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In Paris, a Dim Sum Restaurant Finds Daring Ways to Invoke Tradition


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After traveling across China as a university student — from Shanghai to Yunnan, Guangzhou and Beijing — to reconnect along with her roots, Céline Chung returned home to her native France with a dream to someday disrupt classic Chinese canteens with restaurants that will emphasize style in addition to the variety of the cuisine. “I’m French Chinese and inspired by my family’s heritage, but additionally by Paris — its sense of design and its gastronomic scene,” says Chung. Bleu Bao is the restaurateur’s third and most up-to-date spot: Designed by Atelieramo, the Paris-based interiors studio known for its work on prestige salons on the department store Samaritaine, the bao and dim sum restaurant nods to traditional Chinese teahouses and incorporates daring materials and colours, particularly the blue and white of traditional porcelain. The bottom floor features velvet banquettes and an oversize reproduction of a Ming painting offset by neon yellow trim, while the upper level has more of a boudoir feel. Armchairs and daybeds replace tables and chairs, and Maison Martin Morel floral wallpaper inspired by Wong Kar-wai’s film “Within the Mood for Love” sets a romantic scene for throwing back char siu bao, Dongpo pork and ginger milk pudding. “I wanted to indicate a unique side of Chinese dining,” Chung says, “without the clichés.” 8 Rue Saint-Lazare, Paris, baofamily.co.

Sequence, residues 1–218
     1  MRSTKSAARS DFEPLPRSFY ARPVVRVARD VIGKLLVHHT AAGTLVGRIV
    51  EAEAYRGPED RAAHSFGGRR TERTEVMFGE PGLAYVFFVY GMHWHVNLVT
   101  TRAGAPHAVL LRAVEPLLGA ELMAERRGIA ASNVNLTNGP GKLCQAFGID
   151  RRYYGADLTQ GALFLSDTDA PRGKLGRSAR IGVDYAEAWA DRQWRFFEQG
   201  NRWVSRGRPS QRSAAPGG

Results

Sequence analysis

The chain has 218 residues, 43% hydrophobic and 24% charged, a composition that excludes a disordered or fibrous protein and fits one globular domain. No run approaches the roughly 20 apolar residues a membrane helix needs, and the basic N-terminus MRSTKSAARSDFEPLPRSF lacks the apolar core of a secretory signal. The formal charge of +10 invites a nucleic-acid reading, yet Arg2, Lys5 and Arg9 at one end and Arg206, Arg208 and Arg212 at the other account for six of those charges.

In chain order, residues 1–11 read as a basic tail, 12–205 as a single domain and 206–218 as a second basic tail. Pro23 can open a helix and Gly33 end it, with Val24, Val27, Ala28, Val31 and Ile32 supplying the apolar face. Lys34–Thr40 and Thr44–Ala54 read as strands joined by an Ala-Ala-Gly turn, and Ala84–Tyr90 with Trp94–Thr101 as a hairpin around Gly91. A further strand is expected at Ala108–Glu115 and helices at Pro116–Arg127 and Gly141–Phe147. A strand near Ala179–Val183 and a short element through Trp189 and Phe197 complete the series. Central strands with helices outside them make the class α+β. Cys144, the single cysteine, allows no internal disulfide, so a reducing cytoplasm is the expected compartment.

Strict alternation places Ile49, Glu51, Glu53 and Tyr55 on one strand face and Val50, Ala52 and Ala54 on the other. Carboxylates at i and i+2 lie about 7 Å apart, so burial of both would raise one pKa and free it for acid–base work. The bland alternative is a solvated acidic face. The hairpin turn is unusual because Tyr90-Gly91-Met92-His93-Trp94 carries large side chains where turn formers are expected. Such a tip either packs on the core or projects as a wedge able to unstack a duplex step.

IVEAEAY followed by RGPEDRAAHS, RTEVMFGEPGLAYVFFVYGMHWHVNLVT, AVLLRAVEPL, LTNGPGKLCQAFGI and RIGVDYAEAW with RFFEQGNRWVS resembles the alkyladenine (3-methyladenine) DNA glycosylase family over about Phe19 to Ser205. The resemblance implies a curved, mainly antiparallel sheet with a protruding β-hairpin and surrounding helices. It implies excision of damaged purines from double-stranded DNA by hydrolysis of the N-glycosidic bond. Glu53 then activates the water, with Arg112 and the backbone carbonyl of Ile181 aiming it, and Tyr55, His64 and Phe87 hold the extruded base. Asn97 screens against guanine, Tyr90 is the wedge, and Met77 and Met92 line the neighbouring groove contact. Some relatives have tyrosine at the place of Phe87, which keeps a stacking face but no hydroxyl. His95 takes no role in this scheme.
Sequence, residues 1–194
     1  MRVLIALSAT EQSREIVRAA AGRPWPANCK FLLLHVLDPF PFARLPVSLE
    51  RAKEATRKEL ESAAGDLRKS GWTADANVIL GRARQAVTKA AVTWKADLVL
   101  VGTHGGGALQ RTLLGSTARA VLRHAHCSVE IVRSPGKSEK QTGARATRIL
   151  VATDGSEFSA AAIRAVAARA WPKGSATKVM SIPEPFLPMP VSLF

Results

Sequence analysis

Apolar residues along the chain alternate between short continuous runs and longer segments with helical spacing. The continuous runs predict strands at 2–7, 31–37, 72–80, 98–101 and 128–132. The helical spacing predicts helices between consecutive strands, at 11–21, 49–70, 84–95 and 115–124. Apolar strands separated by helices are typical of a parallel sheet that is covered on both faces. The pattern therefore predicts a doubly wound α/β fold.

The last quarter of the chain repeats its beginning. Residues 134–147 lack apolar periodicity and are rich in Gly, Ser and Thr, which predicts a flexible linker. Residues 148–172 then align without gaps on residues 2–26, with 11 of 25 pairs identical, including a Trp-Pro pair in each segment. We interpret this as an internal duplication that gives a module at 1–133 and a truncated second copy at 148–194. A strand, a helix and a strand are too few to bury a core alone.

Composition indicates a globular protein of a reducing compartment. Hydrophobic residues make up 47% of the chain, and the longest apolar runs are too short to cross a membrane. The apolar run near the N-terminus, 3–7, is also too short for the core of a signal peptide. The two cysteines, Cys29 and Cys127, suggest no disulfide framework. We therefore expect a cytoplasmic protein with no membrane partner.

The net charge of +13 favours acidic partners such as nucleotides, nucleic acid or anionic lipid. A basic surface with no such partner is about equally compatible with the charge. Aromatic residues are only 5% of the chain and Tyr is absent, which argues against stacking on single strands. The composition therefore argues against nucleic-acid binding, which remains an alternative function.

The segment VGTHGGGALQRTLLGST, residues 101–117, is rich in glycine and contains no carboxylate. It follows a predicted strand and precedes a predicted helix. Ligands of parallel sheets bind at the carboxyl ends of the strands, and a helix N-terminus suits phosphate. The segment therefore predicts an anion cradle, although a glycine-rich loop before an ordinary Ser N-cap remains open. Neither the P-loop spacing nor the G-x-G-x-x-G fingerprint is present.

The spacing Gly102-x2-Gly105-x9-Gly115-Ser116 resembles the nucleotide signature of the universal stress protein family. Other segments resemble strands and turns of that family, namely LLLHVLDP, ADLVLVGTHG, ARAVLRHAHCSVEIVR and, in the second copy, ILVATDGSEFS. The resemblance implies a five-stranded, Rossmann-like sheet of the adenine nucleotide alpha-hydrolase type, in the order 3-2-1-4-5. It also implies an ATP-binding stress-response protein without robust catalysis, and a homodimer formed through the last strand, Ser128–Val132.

Avery Thatcher has developed a spread of techniques over the course of her creative life, as evidenced by her Portland, Ore.-based wallpaper line Juju Papers — the designs of which feature paper cutouts, sponge paintings and screen prints — and her namesake pigmented concrete tile company. This month, she celebrates the merging of those two businesses into one design studio, Thatcher, with a group of geometric Form pillows. The discharge reflects yet more past endeavors, including her training in sculpture and a formative stint in theatrical puppetry. “I never had a conventional profession path, and I notoriously all the time had so many roles in any respect times,” says Thatcher, “but I actually learned about craft and find out how to construct things working there.” Several colleagues from that gig helped to construct and develop the playful set of six, available in colours like bottle green, dandelion and port wine. Upholstered with responsibly sourced Latest Zealand lambs’ wool, the pillows are crammed with CertiPUR-US foam, in step with Thatcher’s climate-neutral status. Each might (somewhat literally) punctuate an area with a jolt of energetic color, and will be tossed around for wear. “My two kids destroy them on the each day, they usually’ve been keeping their sculptural shape,” Thatcher says. From $200, thatcherstudio.com.